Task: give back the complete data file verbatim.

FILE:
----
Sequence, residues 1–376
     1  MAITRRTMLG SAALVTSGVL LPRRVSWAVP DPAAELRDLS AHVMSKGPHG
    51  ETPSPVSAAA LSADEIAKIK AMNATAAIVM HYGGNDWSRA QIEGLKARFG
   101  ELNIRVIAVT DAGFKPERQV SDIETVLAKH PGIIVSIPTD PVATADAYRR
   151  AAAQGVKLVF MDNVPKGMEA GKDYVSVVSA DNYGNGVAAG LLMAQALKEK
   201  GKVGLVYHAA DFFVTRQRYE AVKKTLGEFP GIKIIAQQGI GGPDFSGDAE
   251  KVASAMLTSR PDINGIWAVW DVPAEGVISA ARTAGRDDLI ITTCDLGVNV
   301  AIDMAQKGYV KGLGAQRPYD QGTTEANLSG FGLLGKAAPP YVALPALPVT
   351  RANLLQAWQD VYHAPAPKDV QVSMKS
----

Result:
Sequence, residues 1–376
     1  MAITRRTMLG SAALVTSGVL LPRRVSWAVP DPAAELRDLS AHVMSKGPHG
    51  ETPSPVSAAA LSADEIAKIK AMNATAAIVM HYGGNDWSRA QIEGLKARFG
   101  ELNIRVIAVT DAGFKPERQV SDIETVLAKH PGIIVSIPTD PVATADAYRR
   151  AAAQGVKLVF MDNVPKGMEA GKDYVSVVSA DNYGNGVAAG LLMAQALKEK
   201  GKVGLVYHAA DFFVTRQRYE AVKKTLGEFP GIKIIAQQGI GGPDFSGDAE
   251  KVASAMLTSR PDINGIWAVW DVPAEGVISA ARTAGRDDLI ITTCDLGVNV
   301  AIDMAQKGYV KGLGAQRPYD QGTTEANLSG FGLLGKAAPP YVALPALPVT
   351  RANLLQAWQD VYHAPAPKDV QVSMKS